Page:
A person walks into Wal-Mart with the goal to pick up some toothpaste. As they find the aisle, which contains toothpaste, they come across some mouthwash. She thinks that it cannot hurt to purchase some as the container claims the product cleans your mouth and makes your smile whiter. Although these claims may be true, there may be a danger present in using this mouthwash. Is mouthwash associated with oral cancer?
40,000 Americans and around 640,000 people in the world are diagnosed with oral cancer annually. The deaths that result from oral cancer are over 7,800 a year.
The ingredients in certain mouthwashes are said to be carcinogenic. Fluoride, formaldehyde, and saccharin, (or common ingredients found in mouthwash) have been suspected to be cancer triggers. The U.S. Environmental Protection Agency claims formaldehyde is a “probable human carcinogen.” Studies in the 1980s revealed that rats exposed to formaldehyde ended up having nasal cancer in fact (but no proof has shown it causes cancer in humans yet).
The Dental Journal of Australia has made the claim that alcohol-based mouthwashes and an increased risk of oral cancers correlate as a result of causation (the mouthwash causes oral cancer).
One study completed by researchers from the University of Glasgow Dental School studied 1,963 patients with cancer of the oral cavity, oropharynx, hypopharynx, larynx or esophagus and then tested another 1,993 people as control subjects from nine different countries. The researchers seemed to find a link between mouthwash and cancer after removing the causation of oral cancer from smoking, alcohol, and low socioeconomic status. Scores were interpreted to analyze oral health and dental care. Odd ratios (which help us identify the probability one thing is associated with another) of low versus high scores of oral health and dental care and confidence intervals were used to adjust for confounding factors. The odd ratios for the absolute frequent use of mouthwash (in which is considered the use of mouthwash 3 or more times a day), was 3.23 with the confidence interval ranging from 1.68-6.19. This proof is very strong as odd ratios over 1 show a strong correlation between two things but only 1.8% of cases and 0.8% of controls reported using mouthwash 3 or more times a day. This information was said to show a link between oral cancer and mouthwash. There needs to be more research however as no known mechanism has been found.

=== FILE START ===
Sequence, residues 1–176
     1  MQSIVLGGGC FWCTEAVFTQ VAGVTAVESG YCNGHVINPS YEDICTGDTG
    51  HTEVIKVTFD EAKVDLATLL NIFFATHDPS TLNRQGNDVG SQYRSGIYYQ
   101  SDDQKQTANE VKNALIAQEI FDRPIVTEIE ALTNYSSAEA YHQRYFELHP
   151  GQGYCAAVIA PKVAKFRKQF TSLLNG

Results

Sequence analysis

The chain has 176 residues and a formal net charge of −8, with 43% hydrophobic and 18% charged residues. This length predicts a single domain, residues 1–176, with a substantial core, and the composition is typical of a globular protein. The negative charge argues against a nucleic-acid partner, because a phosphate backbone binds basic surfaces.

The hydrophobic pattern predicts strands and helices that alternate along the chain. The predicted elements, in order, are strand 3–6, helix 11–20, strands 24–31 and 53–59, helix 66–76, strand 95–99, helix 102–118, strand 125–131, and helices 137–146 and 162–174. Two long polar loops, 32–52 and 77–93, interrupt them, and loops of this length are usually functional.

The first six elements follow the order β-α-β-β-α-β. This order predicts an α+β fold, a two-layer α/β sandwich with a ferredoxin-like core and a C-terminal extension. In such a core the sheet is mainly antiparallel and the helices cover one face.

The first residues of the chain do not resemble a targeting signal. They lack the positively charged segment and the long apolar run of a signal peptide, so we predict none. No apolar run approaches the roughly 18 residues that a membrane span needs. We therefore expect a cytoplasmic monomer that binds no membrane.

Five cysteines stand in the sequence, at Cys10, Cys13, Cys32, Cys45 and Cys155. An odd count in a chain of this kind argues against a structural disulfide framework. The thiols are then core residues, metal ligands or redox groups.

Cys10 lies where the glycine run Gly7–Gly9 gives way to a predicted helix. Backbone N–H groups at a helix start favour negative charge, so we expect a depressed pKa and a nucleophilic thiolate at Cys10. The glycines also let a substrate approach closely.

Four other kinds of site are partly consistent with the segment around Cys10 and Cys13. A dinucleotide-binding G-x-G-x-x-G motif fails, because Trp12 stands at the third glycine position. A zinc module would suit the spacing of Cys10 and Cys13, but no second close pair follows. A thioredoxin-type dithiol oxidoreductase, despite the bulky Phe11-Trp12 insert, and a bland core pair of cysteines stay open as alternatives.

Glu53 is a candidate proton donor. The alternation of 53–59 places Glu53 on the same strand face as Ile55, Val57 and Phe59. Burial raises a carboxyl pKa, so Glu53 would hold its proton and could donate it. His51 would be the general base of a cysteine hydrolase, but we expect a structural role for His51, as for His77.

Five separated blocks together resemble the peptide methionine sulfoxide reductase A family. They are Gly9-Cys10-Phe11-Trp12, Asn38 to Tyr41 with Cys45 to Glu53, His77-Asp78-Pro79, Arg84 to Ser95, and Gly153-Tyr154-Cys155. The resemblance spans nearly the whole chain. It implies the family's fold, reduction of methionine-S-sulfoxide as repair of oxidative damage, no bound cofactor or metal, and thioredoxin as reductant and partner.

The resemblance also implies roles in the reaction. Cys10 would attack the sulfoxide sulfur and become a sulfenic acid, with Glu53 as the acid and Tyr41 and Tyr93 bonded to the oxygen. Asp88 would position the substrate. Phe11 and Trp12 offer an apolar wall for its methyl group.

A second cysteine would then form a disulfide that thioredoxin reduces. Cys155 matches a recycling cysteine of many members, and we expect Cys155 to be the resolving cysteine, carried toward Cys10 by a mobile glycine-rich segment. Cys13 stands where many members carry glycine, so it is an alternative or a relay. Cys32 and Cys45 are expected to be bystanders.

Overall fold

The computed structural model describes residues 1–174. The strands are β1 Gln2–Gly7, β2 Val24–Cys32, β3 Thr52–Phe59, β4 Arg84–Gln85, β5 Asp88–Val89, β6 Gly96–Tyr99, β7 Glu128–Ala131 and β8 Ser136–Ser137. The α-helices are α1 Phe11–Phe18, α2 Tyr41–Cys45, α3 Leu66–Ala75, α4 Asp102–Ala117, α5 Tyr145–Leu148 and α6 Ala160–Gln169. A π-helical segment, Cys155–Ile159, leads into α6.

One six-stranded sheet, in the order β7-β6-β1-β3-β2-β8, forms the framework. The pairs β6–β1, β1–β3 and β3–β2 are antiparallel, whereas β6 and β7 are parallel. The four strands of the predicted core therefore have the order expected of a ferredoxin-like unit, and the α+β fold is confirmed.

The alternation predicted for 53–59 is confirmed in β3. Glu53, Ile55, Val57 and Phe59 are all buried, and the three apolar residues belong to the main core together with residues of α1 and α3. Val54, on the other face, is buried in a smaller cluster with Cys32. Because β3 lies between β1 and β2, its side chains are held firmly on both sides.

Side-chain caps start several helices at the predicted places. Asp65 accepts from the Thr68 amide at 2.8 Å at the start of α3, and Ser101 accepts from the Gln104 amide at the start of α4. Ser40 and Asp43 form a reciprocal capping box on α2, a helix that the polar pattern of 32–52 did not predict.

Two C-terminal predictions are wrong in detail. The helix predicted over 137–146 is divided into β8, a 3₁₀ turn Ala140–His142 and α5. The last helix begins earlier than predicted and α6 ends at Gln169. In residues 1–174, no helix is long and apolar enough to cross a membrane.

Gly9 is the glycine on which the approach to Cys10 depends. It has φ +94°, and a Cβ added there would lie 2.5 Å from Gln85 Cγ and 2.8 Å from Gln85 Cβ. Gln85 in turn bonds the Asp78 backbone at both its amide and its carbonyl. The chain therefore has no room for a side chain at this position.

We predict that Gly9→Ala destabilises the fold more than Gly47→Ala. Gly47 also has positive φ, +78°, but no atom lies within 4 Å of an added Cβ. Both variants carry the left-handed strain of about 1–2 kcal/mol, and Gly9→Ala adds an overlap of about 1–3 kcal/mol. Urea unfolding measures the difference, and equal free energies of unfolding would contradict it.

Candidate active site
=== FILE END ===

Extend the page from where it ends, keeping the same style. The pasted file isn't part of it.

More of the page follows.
Professor Wolfgang Ahrens, Deputy Director of the BIPS says, “These results are really important. Up until now, it was not really known if these dental risk factors were independent of the well known risks for mouth and throat cancers – smoking, alcohol and low socioeconomic status.” The researchers found, “frequent use of mouthwashes (3-plus times per day) was associated with an elevated risk of developing mouth and throat cancer.”
The Journal of Oral Oncology has gone into depth to discuss whether or not mouthwash is the causation for oral cancer. It analyzed 10 major control case studies that have been performed in the last three decades to observe this phenomenon. Of the 10 reviewed, 7 showed there was no consistent association with mouthwash and oral cancer, while the 3 others had very minor proof to link the two.
In 1991, a study found that the risk of oral cancer was elevated by 40% for males and 60% for female who used mouthwash containing alcohol after adjusting for tobacco and alcohol use. Thus, raising some concern there are many confounding factors linked to raising the risks of cancer. Since then, a handful of other studies have been completed, but they cannot directly prove the causation of oral cancer thanks to mouthwash.
There have been numerous studies in which show there is a connection between cancer and mouthwash but yet again, there are too many confounding variables to be aware of. The numbers in the studies are too insignificant to worry researchers yet. The null hypothesis has not been rejected so far. I would tell people to keep using mouthwash but to limit the use of it to no more than twice as day as little evidence shows high use of the mouthwash shows some concern in elevating oral cancer risks.